Translocation and exocytosis of granules in neutrophils require, as a minimum, increases in intracellular Ca2+, as well as hydrolysis of adenosine triphosphate (ATP) and guanosine triphosphate (GTP). The target molecules for these effectors are numerous and include Ca2+-binding proteins such as annexins and calmodulin and GTP-binding proteins such as G proteins and small monomeric proteins. ATP is used by ATP-hydrolyzing enzymes (adenosine triphosphatases) and kinases, which act by phosphorylating downstream effector molecules. Combined with activation of these effector molecules is reorganization of the actin cytoskeleton, which forms a mesh around the periphery of the cell as a shield against granule docking and fusion. The actin cytoskeletal mesh must be disassembled to allow access of granules to the inner surface of the plasma membrane. It is likely that the process of granule translocation and exocytosis involves activation and recruitment of many different signalling molecules, only some of which are beginning to be identified.

Ca2+ Signalling in Exocytosis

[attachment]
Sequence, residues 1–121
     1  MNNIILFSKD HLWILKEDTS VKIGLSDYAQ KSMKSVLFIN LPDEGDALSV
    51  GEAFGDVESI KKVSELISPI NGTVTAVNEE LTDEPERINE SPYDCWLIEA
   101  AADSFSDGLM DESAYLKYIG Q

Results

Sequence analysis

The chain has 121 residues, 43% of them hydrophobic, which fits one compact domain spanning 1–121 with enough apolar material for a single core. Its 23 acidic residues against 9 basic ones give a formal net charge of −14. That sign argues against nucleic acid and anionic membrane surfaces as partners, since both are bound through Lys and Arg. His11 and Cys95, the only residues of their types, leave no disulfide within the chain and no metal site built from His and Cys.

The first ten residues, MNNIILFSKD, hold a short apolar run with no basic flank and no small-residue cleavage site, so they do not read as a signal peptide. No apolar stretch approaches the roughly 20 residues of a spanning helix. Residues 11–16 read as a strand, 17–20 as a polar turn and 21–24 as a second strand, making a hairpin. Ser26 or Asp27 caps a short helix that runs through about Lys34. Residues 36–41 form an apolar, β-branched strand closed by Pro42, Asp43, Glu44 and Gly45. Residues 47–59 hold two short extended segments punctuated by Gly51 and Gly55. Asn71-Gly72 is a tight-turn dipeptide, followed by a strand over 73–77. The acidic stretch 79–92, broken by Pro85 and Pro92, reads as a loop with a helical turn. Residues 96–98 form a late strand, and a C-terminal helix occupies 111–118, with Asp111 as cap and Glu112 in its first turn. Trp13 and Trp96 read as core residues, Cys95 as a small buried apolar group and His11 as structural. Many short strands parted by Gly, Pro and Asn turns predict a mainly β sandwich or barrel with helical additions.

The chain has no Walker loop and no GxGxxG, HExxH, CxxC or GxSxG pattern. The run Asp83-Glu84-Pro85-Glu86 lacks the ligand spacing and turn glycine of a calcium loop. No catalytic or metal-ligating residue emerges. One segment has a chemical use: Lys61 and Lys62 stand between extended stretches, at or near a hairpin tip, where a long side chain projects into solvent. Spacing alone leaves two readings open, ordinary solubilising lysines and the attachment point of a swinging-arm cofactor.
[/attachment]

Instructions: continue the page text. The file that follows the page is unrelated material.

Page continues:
Increases in intracellular Ca2+ alone are sufficient to induce the release of many of the granule types in neutrophils, particularly if the concentration of Ca2+ is elevated to sufficiently high levels by the use of Ca2+ ionophores such as A23187 or ionomycin. A hierarchy of granule release exists in response to elevating concentrations of Ca2+[8]. The order of release is secretory vesicles > tertiary granules > secondary granules > primary granules [8, 9]. The release of each type of granule appears to be regulated by different intracellular signalling pathways. Many neutrophil receptors activate increased Ca2+ levels, including the seven transmembrane-spanning G protein-coupled receptors, such as the formyl peptide receptor (that binds to the bacterial tripeptide f-Met-Leu-Phe) and chemokine receptors (such as CXCR1). Although Ca2+ is a crucial second messenger in the activation of exocytosis, the specific target molecules for Ca2+ in neutrophil degranulation have not yet been identified (see Figure 1).

Phospholipid Signalling in Degranulation